The Act Review: Hulu Is Serving Up An Even Scarier Sharp Objects

Photo: Courtesy of Hulu.
“Sleepy baby.” Two words that appear less than 10 minutes into Hulu's The Act — and two words that promise we’re about to see the soul sibling to HBO’s unshakable Sharp Objects. The first connection is obvious: The phrase is scrawled on a pill bottle this is part of a legion of suspicious medications Dee Dee Blanchard (Patricia Arquette) uses to dose her allegedly ill daughter, Gypsy Rose Blanchard (Joey King, eviscerating her child star roots). This is a prescription pill closet Adora Preaker-Crellin (a fearsome Patricia Clarkson), peddler of rat poison and tranquilizers, would approve of.
However, the link goes deeper than Dee Dee’s obviously nefarious horde of sleeping pills and mystery meds. “Sleepy baby,” like “Baby” and “Girl” hidden throughout Sharp Objects, is a phrase that should be an infantile murmur. Here in the Blanchards' Missouri “castle” and in the Preaker's home of Wind Gap, these innocuous words are dripping with menace.
What sets the The Blanchards’ world apart from the Preaker-Crellins is that The Act is missing the surface-level glamour purposefully radiating from Adora’s towering manor of horrors. Those inescapable claws of harsh reality make the new Hulu true crime drama so very terrifying.
Like countless prestige series before it, The Act begins with a fatal mystery. Is Dee Dee Blanchard, whom we haven’t seen yet, dead, as her neighbors (AnnaSophia Robb and Chloë Sevigny) believe she is? Has her sick daughter Gypsy Rose really been abducted? The trick of the eight-part series is figuring out the answers to these questions, and what could have led these women to such terrible fates. Especially since the Blanchards appear to be living a beautiful, loving life when we meet them in the second scene of the series, which takes place seven years before the foreboding cold open.
Of course, Twitter, Buzzfeed, and HBO’s documentary arm have all investigated the details of the real-life Blanchards. But The Act is even more engrossing if you uncover the disturbing familial twists as you go.
And there are so many twists to find as you watch The Act unspool Dee Dee and Gypsy’s lives (an episode-ending title card reminds viewers this is technically a dramatized version of events). There’s the matter of Gypsy’s health. Dee Dee claims her wheelchair-using daughter has a history of cancer, life-threatening over-salivation, muscular dystrophy, and mental disabilities, among many other medical conditions. But does she? At all? And how much does Gypsy know of her own nonexistent conditions? Also, how old is she, anyway?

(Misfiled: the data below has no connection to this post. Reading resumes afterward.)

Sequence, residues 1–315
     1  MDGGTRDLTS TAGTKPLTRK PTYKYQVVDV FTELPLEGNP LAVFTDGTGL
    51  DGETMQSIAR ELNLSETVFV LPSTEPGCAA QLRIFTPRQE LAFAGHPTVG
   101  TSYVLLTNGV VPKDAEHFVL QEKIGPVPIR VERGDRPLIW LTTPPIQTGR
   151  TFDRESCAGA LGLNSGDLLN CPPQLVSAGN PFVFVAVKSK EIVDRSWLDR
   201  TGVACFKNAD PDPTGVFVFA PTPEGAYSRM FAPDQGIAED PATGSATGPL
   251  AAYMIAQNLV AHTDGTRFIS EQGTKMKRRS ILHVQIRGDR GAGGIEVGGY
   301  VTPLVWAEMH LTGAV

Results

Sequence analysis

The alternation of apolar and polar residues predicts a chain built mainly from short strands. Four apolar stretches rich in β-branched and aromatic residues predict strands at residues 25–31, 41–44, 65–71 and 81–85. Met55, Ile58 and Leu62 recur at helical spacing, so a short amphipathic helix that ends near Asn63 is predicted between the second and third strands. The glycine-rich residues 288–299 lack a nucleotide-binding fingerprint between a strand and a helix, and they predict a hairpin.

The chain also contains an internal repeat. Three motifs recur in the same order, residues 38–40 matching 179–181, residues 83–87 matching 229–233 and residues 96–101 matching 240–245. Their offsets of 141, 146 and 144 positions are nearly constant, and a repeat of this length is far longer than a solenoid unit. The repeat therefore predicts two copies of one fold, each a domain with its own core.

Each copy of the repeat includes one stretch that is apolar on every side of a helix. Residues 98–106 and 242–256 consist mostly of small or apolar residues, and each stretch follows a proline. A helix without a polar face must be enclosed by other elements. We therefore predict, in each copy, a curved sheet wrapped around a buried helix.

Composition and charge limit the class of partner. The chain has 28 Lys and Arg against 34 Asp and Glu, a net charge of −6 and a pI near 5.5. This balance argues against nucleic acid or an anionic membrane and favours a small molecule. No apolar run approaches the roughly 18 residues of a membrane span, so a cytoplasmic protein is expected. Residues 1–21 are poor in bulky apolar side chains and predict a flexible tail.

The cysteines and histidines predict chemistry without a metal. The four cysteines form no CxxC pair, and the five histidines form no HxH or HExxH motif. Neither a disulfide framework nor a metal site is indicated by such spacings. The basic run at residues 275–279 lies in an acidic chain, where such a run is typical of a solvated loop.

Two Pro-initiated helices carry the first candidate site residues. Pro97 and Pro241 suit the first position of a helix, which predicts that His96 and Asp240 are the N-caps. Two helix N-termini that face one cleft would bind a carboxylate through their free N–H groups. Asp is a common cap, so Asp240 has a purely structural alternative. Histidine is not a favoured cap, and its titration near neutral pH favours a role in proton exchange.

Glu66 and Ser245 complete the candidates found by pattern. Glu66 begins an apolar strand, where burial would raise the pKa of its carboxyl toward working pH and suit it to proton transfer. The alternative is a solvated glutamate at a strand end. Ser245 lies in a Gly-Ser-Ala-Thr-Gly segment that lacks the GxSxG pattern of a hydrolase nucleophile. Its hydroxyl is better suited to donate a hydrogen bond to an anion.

Eventually it becomes very clear that Dee Dee, like her real-life inspiration, is probably suffering from Munchausen Syndrome By Proxy (MSPD), a mental illness where a caregiver either fabricates or induces an illness in someone under their care. By caring for that “ill” individual, the caregiver attains attention or favor from their community and doctors.
Dee Dee forces Gypsy to look as ill as possible. She shaves her daughter’s hair, convincing Gypsy inevitable baldness is a symptom of her supposed diseases. Because Dee Dee had her daughter's salivary glands removed, Gypsy has a permanent dry mouth that wreaks dental havoc. The teen is forced into clothing made for a girl much younger than she, reinforcing the idea she is her momma’s “baby.” The tension between Dee Dee’s hope to maintain her daughter’s childlike status quo forever and Gypsy’s desire to grow towards womanhood creates a nail-biting battle of wills.
While Dee Dee may be inflicting abuse on her daughter, she cannot escape the ravages of this situation either. One of The Act’s most affecting choices is showing how Dee Dee’s self-made trap ravages her own aging body. Her hair — originally a mass of well-kept brunette waves — grays, frizzes, and grows into an unmanageable tangle. Her skin goes sallow and her ankles swell. At an early point in the series, when the tragedy of the Blanchards could possibly be avoided, Dee Dee looks absolutely baffled when a prospective suitor (Dean Norris) suggests a more independent lifestyle for the single mom. It’s a reminder Dee Dee’s disease is ruining her chance at happiness along with her child's wellbeing.
With The Act, the darkness and countless questions associated with MSPD stares you right in the face. In Sharp, the reasons for Adora’s abuse and Amma’s acceptance of it have neat answers (both tie into a desperate desire for their mother’s love). But in reality, mental illness and the ways it colors incomprehensible choices rarely has such easy, tidy resolutions.
The Act understands this fact at a painful level, and leaves you gasping from the results.

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